In light of the failure by Mr Sharon and Yasser Arafat to offer a way out of the violence that has left more than 3,000 people dead after three years, the accord offers a concrete alternative. It has also shown up the limitations of the US-backed 'road-map' peace plan. The 'road-map' calls for a Palestinian state, but leaves the question of its borders to be settled at a later date. The Geneva Accord maps out definitive borders, down to the empty desert land in Israel the Palestinians agreed to accept in exchange for some Jewish settlements in the West Bank being annexed to Israel.
While Mr Sharon has failed to live up to his promise to dismantle a few illegal settlement outposts in the West Bank, the Geneva Accord calls for the evacuation of all settlements except those close to the internationally recognised Green Line border - which has enraged the Israeli right.
'There remains one basic choice for the Israelis,' Mr Carter said in a speech at the Geneva ceremony yesterday. 'Do we want permanent peace with all our neighbours, or do we want to retain our settlements throughout the occupied territories? And it is of equal importance that the Palestinians renounce violence against Israeli citizens in exchange for the commitments of this Geneva initiative. It is unlikely that we shall ever see a better foundation for peace. The people support it.' With a subtle swipe at Mr Sharon, he added: 'Political leaders are the obstacle to peace.'
Fifty-eight former presidents, prime ministers, foreign ministers and other leaders, including former Soviet President Mikhail Gorbachev, South Africa's FW de Klerk, and Mexico's Ernesto Zedillo, released a statement yesterday expressing their 'strong support' for the accord.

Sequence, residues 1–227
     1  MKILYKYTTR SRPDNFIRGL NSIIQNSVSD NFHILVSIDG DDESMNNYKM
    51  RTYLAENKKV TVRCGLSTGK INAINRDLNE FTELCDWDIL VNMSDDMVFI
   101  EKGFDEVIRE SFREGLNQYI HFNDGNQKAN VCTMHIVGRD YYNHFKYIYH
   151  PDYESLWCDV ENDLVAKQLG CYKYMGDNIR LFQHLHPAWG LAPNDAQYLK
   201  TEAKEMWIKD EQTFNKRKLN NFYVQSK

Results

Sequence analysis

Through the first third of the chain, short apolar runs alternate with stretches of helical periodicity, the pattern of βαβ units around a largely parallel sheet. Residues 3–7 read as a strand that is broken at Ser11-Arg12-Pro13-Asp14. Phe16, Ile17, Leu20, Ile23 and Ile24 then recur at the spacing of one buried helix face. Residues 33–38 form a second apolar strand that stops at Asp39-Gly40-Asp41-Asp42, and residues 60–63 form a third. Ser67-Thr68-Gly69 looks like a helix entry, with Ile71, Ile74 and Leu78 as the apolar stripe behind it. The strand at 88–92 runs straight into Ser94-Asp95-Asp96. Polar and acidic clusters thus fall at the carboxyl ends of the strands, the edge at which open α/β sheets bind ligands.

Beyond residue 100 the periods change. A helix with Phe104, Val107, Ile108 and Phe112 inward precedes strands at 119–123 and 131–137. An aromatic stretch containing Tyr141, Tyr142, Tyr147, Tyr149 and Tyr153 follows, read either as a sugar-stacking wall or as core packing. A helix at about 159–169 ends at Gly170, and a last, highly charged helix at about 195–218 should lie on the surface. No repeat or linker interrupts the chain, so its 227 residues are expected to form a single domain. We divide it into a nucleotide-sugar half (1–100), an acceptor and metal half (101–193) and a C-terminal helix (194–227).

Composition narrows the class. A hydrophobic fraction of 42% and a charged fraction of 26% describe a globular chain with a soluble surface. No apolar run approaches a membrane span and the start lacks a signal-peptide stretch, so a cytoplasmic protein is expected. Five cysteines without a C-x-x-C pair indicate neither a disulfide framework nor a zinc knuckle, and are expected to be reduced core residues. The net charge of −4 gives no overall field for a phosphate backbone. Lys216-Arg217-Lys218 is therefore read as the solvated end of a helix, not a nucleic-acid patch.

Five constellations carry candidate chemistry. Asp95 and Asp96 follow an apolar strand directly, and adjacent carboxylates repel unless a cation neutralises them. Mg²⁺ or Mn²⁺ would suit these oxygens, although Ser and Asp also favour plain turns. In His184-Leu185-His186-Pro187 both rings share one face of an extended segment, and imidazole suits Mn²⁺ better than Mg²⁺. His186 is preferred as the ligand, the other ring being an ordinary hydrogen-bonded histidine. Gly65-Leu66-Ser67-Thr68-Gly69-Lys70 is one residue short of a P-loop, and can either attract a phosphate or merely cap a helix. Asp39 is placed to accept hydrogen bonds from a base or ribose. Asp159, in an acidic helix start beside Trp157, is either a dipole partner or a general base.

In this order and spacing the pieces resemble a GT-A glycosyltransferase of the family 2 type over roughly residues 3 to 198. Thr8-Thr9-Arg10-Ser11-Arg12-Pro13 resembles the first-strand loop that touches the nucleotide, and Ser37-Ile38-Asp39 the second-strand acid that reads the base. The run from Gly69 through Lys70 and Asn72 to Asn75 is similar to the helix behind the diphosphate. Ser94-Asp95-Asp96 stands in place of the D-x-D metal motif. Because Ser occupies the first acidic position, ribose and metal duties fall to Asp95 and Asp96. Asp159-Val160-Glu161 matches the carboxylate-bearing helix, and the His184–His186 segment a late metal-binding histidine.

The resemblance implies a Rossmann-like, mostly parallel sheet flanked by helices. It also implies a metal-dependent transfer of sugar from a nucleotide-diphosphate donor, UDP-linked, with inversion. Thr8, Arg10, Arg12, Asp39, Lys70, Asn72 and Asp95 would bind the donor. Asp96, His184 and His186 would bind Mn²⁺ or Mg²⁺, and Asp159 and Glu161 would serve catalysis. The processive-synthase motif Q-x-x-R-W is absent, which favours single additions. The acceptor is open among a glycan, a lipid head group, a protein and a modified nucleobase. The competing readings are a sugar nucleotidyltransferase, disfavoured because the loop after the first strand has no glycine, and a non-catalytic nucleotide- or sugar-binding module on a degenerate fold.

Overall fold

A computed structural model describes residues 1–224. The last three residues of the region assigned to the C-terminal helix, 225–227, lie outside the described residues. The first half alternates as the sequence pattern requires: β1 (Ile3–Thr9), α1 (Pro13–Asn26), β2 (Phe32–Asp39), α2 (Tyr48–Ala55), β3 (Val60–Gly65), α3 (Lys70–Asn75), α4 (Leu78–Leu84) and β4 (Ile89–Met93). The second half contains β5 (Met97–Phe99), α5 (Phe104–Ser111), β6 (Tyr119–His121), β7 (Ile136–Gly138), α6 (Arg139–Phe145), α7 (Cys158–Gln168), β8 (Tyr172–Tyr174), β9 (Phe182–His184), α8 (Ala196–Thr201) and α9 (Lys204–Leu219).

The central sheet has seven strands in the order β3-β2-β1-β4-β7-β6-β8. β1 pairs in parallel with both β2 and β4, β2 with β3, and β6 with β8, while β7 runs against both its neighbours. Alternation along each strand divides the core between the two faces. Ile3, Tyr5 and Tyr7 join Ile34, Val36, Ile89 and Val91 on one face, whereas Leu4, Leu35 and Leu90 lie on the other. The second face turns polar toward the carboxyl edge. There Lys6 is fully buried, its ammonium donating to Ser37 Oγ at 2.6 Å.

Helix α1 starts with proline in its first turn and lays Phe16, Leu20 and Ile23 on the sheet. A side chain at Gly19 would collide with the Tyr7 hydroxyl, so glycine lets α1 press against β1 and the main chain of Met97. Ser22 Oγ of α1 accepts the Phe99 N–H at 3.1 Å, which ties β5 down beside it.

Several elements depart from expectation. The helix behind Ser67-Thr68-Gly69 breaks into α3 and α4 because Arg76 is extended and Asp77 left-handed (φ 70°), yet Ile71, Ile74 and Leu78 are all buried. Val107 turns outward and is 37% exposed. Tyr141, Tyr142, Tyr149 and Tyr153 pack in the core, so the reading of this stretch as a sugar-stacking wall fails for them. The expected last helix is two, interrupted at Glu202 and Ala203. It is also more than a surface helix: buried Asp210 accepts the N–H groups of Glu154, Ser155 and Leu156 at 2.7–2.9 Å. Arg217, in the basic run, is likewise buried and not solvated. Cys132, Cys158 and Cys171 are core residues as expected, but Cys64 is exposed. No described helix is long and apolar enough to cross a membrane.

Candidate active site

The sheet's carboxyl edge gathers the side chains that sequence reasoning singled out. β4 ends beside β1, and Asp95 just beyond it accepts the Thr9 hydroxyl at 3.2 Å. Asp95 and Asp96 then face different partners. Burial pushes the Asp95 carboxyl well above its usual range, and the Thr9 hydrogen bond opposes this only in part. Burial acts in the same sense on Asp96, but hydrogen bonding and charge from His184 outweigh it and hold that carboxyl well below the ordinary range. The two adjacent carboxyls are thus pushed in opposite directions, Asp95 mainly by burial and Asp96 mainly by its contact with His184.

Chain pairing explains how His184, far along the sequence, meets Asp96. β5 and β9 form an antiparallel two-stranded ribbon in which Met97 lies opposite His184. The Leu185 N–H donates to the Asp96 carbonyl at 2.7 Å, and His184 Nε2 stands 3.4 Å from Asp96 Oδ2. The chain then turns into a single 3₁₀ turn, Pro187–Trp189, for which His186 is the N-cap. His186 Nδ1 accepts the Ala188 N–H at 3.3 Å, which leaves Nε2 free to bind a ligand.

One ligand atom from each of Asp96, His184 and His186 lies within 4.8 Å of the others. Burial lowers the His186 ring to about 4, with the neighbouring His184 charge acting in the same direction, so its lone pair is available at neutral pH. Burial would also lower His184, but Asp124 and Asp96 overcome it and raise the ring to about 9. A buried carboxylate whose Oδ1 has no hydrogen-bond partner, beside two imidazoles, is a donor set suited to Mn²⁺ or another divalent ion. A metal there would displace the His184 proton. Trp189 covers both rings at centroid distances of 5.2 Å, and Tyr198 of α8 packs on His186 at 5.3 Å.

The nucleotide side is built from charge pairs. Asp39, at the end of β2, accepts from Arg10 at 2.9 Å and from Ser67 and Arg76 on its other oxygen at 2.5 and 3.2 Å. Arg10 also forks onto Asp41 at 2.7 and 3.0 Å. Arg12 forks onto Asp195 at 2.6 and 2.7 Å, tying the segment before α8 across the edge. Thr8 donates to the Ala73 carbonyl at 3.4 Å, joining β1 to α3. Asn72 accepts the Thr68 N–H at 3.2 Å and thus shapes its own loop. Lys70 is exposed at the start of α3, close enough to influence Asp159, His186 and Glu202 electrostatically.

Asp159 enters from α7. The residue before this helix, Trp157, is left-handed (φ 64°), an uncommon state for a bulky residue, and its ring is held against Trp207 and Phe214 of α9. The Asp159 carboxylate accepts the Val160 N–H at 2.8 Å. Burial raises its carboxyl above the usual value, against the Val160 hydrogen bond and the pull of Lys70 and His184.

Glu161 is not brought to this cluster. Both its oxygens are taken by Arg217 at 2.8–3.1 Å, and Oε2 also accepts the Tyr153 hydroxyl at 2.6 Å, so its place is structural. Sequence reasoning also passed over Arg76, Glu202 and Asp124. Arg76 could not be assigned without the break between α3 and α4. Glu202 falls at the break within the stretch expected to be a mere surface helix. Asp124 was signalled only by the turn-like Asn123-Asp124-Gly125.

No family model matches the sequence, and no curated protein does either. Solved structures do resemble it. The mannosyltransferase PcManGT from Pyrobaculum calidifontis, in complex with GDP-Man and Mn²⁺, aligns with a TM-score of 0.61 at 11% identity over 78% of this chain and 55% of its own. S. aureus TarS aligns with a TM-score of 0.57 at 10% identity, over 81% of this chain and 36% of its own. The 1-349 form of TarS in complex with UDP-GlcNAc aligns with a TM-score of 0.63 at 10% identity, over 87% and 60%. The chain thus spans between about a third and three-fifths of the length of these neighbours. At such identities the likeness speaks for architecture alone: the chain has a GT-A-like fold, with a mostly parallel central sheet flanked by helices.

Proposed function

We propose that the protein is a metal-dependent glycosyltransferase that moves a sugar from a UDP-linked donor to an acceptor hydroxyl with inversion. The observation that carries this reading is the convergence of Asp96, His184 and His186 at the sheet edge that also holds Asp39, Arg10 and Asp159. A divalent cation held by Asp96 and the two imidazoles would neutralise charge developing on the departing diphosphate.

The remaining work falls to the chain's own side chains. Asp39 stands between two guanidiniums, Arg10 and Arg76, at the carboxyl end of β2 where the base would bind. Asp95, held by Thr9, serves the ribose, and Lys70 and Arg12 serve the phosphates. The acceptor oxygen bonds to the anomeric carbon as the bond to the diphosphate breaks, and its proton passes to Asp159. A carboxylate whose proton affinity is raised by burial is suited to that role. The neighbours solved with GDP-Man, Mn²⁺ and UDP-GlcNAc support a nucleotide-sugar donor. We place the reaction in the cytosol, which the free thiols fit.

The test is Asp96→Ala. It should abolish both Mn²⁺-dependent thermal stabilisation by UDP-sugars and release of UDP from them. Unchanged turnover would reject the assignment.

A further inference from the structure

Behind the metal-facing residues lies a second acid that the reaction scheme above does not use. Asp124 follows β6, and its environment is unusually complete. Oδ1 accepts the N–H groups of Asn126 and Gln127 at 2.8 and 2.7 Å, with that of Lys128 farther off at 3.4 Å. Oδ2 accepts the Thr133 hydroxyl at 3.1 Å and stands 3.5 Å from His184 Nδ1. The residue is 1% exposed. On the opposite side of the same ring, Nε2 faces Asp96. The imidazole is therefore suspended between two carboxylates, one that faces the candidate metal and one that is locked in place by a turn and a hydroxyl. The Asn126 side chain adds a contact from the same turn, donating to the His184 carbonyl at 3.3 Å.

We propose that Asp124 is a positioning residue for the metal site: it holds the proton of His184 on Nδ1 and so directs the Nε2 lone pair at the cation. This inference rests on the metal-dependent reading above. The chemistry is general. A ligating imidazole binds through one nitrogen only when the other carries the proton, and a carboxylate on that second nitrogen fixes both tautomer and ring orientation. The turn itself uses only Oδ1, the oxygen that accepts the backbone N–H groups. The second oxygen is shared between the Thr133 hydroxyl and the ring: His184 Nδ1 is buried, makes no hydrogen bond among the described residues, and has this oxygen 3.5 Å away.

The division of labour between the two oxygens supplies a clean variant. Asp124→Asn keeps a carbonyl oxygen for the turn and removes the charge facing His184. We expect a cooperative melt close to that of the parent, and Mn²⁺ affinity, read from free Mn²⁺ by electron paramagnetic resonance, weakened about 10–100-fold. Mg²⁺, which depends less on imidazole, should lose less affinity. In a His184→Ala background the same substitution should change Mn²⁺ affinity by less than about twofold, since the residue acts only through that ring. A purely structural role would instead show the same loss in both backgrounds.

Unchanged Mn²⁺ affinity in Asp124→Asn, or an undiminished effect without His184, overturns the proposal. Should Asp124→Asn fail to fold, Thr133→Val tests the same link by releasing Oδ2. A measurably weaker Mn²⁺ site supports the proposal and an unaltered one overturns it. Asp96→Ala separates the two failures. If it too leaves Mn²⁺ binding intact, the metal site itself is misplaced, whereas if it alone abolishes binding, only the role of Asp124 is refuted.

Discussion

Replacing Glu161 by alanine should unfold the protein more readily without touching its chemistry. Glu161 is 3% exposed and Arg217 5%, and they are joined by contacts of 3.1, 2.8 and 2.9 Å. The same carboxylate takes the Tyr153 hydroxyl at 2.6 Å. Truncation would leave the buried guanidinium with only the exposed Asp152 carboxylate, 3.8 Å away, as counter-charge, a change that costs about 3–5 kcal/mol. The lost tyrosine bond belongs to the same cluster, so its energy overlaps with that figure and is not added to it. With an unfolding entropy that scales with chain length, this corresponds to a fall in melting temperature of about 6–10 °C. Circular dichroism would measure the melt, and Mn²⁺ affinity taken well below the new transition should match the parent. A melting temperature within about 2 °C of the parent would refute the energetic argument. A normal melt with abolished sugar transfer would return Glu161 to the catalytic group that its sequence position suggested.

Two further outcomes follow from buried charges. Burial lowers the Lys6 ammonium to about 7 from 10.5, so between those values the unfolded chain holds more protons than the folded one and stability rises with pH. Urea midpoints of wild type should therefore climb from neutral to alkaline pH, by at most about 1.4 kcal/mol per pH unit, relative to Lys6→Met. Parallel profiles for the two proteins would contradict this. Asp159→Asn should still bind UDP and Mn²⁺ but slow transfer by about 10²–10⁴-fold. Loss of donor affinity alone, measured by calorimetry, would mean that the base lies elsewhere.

'The Israeli-Palestinian conflict has taken far too great a toll already,' said the statement. The ceremony was lent a veneer of Hollywood glamour by actor Richard Dreyfuss, who acted as master of ceremonies. 'Peace is far too serious to be left exclusively to governments,' said Mr Dreyfuss. 'People are terrified of the world they seem to be leaving to their children.' He said the accord was 'the people's claim to their place at the table'.
That claim has not been borne out in Israel, where a poll by Ha'aretz found that 38 per cent of Israelis are against the accord, and only 31 per cent support it. However, those figures represent a major swing towards the peace plan since it was unveiled in October, when 54 per cent were against and only 25 per cent in favour.
Really, what is the alternative? Israel creates a pseudo-state from the Egyptian border to the Jordan and uses fraudulent measures to deny an Arab majority within those borders the vote?